Dog Care

Jun 16

Real Life Benefits to Dog Ownership

How Dogs Help You More Than You Think

by Helen Rayner

Your dog is your best friend, and so they should be. They’re always there for you, are always excited when you walk through the door, and aren't they just aren’t the cutest creatures on the planet? But did you know that your canine friend brings a lot of hidden benefits to your life? From making sure you’re getting exercise to raising your mood, your dog proves again and again that dogs really are man’s best friend. In this article, we’ll take at look at some of surprising side effects of owning a dog, which will either make you love your pooch even more or be good ammunition when it comes to convincing your other half that it’s time to get a pet!

Reduced Allergies

Want to remedy your children against annoying allergies and other mild illnesses? A dog may help. A study conducted by scientists at the University of Cincinnati found that children exposed to dogs at an early age were up to four times less likely to develop the conditions than children who grew up without a dog. And if you’re debating between getting a dog or a cat, then know that cats actually increase a person’s sensitivity. Just one more reason in a long list of reasons why dogs are better than cats (ok, cats are pretty cute too, but not a patch on canines).

They Get You Fit

Imagine two scenarios. In the first you don’t own a dog. You’ve had a busy day at work, you’ve made dinner, and you’re pretty tired. Do you do that exercise you planned or do you think, pfft, let’s do that tomorrow - there’s some good TV to watch!

In the second scenario, you have a happy, bouncing dog eager to go outside to play. You’re tired, but you just can’t resist those eyes, and soon you found yourself outside on a nice summer’s evening, playing with your dog.

In which scenario are you healthier? The second of course! You might not always feel like taking your dog to get some exercise, but when you do you’re also giving yourself that all important exercise you need to be at your best. You’ll feel much better for going outside and thirty minutes to an hour a day - we promise!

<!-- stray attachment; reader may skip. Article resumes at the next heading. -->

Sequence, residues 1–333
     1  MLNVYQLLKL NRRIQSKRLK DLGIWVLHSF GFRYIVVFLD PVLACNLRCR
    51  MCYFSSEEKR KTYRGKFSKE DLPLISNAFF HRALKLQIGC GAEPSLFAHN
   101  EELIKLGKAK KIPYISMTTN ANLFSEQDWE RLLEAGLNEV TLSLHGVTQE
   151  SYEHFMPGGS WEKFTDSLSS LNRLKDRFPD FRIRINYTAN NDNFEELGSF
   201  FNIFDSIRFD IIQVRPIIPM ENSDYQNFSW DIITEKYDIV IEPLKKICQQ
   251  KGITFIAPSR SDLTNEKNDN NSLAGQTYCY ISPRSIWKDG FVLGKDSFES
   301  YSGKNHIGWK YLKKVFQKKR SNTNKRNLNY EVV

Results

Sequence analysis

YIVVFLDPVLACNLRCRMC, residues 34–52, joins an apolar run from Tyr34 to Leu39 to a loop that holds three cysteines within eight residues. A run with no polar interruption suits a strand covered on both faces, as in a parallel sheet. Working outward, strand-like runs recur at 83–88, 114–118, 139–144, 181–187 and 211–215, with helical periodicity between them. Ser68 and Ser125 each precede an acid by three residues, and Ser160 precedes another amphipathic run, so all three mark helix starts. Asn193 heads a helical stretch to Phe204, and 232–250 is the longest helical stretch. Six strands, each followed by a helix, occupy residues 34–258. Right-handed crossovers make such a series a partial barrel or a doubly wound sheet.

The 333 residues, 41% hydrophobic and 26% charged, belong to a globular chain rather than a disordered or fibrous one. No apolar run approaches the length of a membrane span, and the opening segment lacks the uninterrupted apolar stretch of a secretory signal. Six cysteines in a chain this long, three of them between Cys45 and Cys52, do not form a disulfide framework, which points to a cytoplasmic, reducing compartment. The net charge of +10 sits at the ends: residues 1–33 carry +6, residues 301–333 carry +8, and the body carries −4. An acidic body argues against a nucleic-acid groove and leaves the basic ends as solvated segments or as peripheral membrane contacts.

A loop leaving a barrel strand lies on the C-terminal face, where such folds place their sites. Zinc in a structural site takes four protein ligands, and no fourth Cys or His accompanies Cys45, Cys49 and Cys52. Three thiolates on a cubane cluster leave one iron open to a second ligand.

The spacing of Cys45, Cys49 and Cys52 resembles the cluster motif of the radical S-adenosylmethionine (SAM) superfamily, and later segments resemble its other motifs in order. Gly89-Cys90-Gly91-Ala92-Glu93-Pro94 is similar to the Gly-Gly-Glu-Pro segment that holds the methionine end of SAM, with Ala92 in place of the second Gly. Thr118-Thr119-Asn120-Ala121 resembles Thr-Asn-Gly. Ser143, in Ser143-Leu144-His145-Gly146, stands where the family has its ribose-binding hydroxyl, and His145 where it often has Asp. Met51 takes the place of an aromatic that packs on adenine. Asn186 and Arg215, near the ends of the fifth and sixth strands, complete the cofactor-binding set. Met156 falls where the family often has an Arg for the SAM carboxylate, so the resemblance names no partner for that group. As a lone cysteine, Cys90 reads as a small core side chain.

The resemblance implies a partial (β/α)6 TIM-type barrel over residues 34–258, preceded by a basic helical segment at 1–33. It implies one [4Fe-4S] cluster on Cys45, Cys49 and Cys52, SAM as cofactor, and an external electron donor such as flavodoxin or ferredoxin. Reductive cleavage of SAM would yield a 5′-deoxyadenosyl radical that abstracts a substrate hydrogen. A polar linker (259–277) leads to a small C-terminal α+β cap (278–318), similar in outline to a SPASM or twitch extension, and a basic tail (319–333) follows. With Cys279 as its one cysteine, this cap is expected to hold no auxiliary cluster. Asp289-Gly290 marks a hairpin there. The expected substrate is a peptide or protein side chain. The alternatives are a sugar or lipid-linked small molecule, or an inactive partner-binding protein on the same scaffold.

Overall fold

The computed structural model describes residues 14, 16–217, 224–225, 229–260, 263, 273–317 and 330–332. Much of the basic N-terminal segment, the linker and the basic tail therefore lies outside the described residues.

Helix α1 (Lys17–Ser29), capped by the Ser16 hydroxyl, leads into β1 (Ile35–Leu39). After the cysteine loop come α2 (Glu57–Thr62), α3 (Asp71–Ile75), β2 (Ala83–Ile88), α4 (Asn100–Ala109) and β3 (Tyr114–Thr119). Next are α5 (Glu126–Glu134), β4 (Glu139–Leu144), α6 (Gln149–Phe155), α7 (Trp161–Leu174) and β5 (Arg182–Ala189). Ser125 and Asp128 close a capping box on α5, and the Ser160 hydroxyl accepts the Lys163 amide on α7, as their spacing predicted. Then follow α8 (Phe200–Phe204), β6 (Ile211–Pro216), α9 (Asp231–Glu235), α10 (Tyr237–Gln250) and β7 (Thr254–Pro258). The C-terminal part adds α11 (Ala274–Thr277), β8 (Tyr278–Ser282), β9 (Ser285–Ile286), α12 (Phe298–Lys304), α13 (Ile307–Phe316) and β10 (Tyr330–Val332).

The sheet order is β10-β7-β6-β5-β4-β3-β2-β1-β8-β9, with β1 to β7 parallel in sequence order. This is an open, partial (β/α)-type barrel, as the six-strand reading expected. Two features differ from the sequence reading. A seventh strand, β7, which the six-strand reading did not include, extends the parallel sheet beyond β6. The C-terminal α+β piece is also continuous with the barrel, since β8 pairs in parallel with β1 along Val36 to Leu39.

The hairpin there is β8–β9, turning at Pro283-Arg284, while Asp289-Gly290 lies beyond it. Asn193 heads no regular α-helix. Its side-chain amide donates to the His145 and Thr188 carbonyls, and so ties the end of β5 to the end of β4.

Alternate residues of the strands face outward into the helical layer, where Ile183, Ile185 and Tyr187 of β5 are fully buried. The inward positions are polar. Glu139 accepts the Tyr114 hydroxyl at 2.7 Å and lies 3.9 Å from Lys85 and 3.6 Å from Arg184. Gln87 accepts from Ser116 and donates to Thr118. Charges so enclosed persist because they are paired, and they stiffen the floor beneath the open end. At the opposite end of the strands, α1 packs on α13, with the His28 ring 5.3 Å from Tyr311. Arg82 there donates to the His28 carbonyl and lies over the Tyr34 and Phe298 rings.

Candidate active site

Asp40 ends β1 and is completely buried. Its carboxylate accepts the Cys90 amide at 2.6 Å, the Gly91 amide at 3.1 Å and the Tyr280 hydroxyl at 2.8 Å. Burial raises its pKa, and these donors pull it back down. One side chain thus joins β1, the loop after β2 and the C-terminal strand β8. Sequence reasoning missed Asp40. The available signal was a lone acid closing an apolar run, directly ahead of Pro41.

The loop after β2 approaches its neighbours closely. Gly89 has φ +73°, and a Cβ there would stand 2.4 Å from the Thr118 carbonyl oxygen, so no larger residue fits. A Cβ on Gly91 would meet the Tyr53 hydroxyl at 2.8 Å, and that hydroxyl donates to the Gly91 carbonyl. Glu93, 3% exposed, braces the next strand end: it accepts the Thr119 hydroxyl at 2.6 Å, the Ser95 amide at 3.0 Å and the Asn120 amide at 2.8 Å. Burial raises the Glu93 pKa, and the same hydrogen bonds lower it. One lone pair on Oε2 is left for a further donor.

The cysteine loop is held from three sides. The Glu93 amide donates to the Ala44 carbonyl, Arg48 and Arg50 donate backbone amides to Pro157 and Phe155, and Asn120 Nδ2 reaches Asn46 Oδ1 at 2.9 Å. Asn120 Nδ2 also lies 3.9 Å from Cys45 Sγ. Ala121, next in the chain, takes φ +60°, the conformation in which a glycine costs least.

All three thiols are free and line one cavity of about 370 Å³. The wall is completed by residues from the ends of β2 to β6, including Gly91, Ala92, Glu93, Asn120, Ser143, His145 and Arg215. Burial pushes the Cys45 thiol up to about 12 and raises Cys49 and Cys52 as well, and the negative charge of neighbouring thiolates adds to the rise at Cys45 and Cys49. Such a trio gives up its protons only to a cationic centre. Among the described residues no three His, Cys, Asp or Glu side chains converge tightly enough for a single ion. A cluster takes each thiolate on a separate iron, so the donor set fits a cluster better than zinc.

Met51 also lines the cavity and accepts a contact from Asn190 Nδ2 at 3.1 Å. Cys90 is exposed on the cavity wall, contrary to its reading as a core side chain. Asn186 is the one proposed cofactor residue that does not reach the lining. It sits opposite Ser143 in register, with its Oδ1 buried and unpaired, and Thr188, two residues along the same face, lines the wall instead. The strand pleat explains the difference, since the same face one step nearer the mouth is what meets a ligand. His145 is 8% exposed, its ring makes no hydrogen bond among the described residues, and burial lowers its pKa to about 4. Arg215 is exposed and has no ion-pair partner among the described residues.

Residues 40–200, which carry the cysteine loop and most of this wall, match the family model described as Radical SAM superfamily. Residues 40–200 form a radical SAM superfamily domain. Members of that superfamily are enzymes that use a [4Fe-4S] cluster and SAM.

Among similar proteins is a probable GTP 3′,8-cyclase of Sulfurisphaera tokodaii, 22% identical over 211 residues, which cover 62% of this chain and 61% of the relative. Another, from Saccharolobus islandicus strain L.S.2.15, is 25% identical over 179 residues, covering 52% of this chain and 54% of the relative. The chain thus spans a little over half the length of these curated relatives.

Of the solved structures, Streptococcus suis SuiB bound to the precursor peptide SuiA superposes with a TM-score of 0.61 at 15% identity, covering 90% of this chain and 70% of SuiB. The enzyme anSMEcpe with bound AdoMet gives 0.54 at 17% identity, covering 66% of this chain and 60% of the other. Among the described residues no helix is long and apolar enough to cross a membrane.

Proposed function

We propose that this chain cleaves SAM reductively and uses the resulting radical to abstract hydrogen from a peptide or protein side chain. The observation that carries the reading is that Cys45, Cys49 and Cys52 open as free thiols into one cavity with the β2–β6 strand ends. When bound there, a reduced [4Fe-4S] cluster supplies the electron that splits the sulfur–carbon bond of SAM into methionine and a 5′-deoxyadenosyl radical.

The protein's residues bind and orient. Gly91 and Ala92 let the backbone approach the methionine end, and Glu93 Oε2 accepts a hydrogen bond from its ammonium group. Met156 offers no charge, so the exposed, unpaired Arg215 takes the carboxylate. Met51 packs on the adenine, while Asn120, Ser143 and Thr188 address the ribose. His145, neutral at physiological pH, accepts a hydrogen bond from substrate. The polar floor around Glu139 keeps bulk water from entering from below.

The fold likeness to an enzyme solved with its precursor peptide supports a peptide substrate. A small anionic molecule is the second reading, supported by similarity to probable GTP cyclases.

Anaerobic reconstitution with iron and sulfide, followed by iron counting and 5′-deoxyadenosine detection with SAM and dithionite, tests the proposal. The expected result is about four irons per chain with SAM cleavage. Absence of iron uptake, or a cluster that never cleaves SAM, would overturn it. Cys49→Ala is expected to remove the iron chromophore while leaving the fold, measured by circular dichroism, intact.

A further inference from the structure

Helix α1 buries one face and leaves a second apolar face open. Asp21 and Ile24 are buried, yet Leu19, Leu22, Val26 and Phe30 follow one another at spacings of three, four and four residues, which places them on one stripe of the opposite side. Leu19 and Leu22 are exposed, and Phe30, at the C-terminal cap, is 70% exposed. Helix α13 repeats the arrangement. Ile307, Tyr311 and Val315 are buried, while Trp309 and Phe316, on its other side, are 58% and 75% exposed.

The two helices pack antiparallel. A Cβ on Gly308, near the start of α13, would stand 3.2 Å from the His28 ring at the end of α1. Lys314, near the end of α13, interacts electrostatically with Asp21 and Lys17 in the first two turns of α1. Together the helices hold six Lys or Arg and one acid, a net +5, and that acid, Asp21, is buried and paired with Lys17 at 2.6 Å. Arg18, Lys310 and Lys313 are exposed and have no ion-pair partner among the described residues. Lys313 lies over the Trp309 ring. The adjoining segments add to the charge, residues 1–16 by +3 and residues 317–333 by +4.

They Improve Your Mental Health

Your body gets a workout when you have a dog, and your mind also gets a thorough workout too. Dogs have been shown to ease stress, symptoms of depression, and much more. If you have a child suffering from mental conditions, such as depression PTSD, or ADHD, dogs can help. A psychologist from London Medical Centre describes the act of owning a dog as better than Prozac or other medications. Though we’re not entirely why, something to do with the responsibility of taking care of another creature, the companionship they bring, and the all out love they give to the humans in their lives make us feel good. Give it a try.

They Make You a Better Person

We promise we’re not making this up, but dogs can make people...better, especially if they’re exposed to them as children. Having a pet teaches us a whole host of life lessons, from responsibility to loss to how to treat those who are less able than you and more. Children benefit in particular because they quickly learn than they’re not the center of the universe, that even though they’re young, there is something else in their life that requires that they take some sort of control.

Boost Your Social Life

As if dogs don’t do enough for humans...they also help us make friends! Owning a dog opens you up to a whole world that was previously cut off from you, and studies have shown that dog owners are less lonely than the dog-less. Take your dog regularly to a local park and you’ll soon have plenty of fellow dog-owning friends with whom you can chat. You’ll even find that you’re approached on the street much more when you’re walking your dog than when not. Even if these random interactions don’t lead to long lasting friendships, you’ll enjoy feeling part of the community.

These are just a few of many benefits of owning a pet! Did you experience any surprise benefits when you finally took the plunge and got a dog? We would like to hear your comments!

Many thanks to guest blogger Helen Rayner for the above article.

Jun 14

Wysong Speaking Truth!


What do manufacturers, nutritional scientists and regulators do when faced with the discovery that their "100% complete" processed foods haven't passed the red face test of not causing disease? First, they may deny and attack critics. Then, when faced with mounting evidence, research begins. When the nutrient problem is identified, it is repaired  usually by "reformulation" with added synthetic nutrients.

This event is then heralded as a marvel of pet food science. The new repaired food is declared "100% complete." But wait. The former, unrepaired food was also "100% complete." See a problem? The industry doesn't. After all, the problem has been "fixed." Further, why should anyone expect perfection? Mistakes are made. Shouldn't we measure the pet food industry by its willingness to make the necessary corrections?

Does an eventual explanation of causes justify results like disease, suffering and death? Correcting nutritional errors after disease results merits accolades only if the real lesson has been learned, and the new improved food is not being foisted on the public as "100% complete."